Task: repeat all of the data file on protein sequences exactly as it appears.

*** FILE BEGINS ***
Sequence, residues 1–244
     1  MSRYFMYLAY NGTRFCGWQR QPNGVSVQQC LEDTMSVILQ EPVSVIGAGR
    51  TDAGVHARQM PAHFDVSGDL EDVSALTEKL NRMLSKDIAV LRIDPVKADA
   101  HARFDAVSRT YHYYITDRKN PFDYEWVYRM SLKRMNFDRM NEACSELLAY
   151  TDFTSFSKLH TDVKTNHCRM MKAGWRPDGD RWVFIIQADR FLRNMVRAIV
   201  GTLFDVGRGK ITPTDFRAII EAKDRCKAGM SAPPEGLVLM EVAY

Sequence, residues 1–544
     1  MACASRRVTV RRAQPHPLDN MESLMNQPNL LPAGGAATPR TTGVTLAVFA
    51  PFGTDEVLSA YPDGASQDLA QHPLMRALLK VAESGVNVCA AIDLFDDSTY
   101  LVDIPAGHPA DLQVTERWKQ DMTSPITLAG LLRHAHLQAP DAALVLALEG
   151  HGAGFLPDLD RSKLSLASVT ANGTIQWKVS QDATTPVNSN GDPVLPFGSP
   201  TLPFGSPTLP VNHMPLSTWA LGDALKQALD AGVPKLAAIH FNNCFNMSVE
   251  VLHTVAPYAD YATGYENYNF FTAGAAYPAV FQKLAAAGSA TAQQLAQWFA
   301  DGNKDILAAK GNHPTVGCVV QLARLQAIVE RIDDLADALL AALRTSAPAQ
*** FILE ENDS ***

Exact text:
Sequence, residues 1–244
     1  MSRYFMYLAY NGTRFCGWQR QPNGVSVQQC LEDTMSVILQ EPVSVIGAGR
    51  TDAGVHARQM PAHFDVSGDL EDVSALTEKL NRMLSKDIAV LRIDPVKADA
   101  HARFDAVSRT YHYYITDRKN PFDYEWVYRM SLKRMNFDRM NEACSELLAY
   151  TDFTSFSKLH TDVKTNHCRM MKAGWRPDGD RWVFIIQADR FLRNMVRAIV
   201  GTLFDVGRGK ITPTDFRAII EAKDRCKAGM SAPPEGLVLM EVAY

Sequence, residues 1–544
     1  MACASRRVTV RRAQPHPLDN MESLMNQPNL LPAGGAATPR TTGVTLAVFA
    51  PFGTDEVLSA YPDGASQDLA QHPLMRALLK VAESGVNVCA AIDLFDDSTY
   101  LVDIPAGHPA DLQVTERWKQ DMTSPITLAG LLRHAHLQAP DAALVLALEG
   151  HGAGFLPDLD RSKLSLASVT ANGTIQWKVS QDATTPVNSN GDPVLPFGSP
   201  TLPFGSPTLP VNHMPLSTWA LGDALKQALD AGVPKLAAIH FNNCFNMSVE
   251  VLHTVAPYAD YATGYENYNF FTAGAAYPAV FQKLAAAGSA TAQQLAQWFA
   301  DGNKDILAAK GNHPTVGCVV QLARLQAIVE RIDDLADALL AALRTSAPAQ